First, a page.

Feel good about eating calamari.

By Denise Gee
March 18, 2003
Ralph Anderson

When buying fresh squid, choose small and whole seafood with anocean-fresh fragrance. Allow 1/2 pound per person. It should berefrigerated, airtight, no more than a day.

Frozen squid can be purchased clean in a variety of forms:whole, tubes and tentacles, tubes only, and sliced tubes. Frozensquid thaws quickly under cold running water.

Squid meat consists mostly of fine muscle fibers and no fat,accounting for its leanness (and toughness). It's low in caloriesand rich in protein and phosphorus, but it also has the distinctionof being the seafood with the most cholesterol.

Most often your fish market has cleaned its squid, but in casenot, here's what to do: Make an incision lengthwise down the mantle(tubelike body), and remove the innards and transparent "pen"(cartilage) by gently scraping them out with a knife. Cut away thetentacles and pop out the small round bony piece called the "beak."Pull away and discard the fine, purplish skin from the mantle; thenrinse. Discard everything but the mantle and tentacles.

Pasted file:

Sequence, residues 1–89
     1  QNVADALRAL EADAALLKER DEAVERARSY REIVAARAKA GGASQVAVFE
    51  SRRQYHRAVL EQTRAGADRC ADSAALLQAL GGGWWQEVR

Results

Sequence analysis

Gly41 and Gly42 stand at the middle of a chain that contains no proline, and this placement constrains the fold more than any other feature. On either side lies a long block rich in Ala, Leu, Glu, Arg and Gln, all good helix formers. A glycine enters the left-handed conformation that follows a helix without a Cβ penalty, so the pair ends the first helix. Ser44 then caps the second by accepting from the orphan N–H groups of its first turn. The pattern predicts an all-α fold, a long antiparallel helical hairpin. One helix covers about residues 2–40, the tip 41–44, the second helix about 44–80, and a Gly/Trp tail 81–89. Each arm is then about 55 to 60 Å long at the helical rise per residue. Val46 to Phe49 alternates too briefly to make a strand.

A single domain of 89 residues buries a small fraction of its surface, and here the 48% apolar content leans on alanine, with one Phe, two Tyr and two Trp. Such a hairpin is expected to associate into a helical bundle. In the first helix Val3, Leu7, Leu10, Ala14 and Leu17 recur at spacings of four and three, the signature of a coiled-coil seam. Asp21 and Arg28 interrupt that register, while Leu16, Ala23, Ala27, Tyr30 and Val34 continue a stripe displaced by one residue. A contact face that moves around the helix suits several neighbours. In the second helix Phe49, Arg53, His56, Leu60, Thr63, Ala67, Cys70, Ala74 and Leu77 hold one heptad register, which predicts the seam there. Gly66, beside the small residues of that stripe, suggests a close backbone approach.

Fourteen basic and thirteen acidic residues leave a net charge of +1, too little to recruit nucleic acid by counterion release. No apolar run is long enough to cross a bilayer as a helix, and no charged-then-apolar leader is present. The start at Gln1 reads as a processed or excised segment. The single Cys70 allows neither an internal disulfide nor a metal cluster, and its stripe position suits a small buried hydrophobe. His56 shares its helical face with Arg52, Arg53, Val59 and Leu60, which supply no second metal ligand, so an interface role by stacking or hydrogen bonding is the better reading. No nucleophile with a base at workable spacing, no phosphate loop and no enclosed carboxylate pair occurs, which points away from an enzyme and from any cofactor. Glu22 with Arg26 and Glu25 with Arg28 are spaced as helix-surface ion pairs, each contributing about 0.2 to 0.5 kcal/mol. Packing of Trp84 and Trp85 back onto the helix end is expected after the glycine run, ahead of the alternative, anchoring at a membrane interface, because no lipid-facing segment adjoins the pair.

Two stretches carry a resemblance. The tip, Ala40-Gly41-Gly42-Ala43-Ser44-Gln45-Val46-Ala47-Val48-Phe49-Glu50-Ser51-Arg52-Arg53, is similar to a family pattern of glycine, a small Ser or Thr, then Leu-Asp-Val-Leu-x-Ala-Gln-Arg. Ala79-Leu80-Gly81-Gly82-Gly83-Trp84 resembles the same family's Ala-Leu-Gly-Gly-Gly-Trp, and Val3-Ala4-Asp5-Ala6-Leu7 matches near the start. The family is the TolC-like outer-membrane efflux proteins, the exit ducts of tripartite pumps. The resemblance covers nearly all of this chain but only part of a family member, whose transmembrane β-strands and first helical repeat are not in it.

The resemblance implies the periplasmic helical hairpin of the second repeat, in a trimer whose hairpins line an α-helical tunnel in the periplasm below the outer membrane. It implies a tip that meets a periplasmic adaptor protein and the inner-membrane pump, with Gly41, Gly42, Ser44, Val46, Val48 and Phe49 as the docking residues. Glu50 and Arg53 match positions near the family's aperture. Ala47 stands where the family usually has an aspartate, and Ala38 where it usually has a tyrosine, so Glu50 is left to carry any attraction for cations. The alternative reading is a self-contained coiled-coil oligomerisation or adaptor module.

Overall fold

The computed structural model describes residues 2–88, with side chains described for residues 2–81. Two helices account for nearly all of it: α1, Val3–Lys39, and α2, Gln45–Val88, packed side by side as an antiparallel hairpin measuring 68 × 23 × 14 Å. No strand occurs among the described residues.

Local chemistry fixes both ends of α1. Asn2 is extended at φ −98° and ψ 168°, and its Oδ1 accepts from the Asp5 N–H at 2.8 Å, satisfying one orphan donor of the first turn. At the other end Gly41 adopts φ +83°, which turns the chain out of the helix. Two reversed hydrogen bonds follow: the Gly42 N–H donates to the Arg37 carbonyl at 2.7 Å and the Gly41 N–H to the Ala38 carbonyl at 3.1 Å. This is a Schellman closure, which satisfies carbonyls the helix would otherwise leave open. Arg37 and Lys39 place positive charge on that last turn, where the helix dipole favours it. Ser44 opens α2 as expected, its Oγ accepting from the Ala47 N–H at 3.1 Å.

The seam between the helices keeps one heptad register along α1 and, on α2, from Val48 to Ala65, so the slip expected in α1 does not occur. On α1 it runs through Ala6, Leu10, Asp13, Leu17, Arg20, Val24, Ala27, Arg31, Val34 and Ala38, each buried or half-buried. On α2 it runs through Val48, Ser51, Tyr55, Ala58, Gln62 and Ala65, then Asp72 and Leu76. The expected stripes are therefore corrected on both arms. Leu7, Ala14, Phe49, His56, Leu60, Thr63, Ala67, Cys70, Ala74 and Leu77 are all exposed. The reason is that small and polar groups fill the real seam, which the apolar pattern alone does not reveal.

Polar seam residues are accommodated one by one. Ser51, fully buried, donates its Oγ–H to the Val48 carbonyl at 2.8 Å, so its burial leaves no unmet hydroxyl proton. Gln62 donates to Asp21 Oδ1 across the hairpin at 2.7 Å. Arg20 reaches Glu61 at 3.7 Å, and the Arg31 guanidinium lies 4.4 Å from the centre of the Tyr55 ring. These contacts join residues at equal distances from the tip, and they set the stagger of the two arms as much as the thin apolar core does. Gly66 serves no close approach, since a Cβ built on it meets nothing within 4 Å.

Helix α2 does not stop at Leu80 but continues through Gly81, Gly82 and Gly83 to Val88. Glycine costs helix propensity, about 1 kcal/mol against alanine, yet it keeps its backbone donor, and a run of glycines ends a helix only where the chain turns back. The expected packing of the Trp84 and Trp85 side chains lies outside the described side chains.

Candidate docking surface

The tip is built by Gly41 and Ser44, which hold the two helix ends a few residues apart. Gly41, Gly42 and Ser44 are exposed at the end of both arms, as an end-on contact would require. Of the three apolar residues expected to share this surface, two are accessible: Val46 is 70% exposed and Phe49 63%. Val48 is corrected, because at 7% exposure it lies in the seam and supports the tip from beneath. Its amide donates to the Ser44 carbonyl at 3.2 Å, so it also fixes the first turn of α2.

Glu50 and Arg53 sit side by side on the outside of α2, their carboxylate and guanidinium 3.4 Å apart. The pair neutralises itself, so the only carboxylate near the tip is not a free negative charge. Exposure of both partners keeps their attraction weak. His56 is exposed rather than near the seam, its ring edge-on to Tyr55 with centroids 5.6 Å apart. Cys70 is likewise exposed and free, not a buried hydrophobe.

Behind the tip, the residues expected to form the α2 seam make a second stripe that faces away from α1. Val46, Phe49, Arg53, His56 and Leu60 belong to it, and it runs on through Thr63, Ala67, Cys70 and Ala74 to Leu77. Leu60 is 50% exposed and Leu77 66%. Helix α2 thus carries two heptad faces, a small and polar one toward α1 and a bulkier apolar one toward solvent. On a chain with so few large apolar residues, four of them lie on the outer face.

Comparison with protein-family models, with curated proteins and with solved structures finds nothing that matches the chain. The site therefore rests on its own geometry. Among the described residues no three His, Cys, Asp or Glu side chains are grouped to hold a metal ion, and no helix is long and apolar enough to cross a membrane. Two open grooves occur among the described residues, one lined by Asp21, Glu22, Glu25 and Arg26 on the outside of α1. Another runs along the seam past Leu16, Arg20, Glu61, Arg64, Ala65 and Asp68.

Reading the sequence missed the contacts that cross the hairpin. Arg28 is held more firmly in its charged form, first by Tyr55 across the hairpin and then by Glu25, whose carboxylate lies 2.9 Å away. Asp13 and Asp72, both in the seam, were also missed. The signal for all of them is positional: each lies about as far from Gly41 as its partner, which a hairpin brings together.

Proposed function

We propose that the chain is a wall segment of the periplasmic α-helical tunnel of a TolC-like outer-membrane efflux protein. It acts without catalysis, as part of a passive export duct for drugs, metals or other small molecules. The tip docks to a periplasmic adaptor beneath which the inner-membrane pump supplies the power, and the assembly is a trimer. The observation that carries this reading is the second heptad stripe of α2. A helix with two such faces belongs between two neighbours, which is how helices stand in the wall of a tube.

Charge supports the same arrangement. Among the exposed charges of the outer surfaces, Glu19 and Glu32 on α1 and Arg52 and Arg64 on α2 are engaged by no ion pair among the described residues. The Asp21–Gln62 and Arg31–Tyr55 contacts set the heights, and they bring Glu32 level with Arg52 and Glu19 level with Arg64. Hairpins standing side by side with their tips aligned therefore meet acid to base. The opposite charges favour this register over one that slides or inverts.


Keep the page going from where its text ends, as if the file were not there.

Small squid are more tender than large ones. To tenderize largerones, pound cleaned flesh with a mallet until it's limp andsatiny.

Cookbook author Mark Bittman's "2 or 20 minute" rule is a goodone: Cook squid quickly in a very hot pan for no more than 2minutes; if it cooks any longer and toughens, continue cooking itat more moderate heat for about 20 minutes, by which time it shouldbe tender again.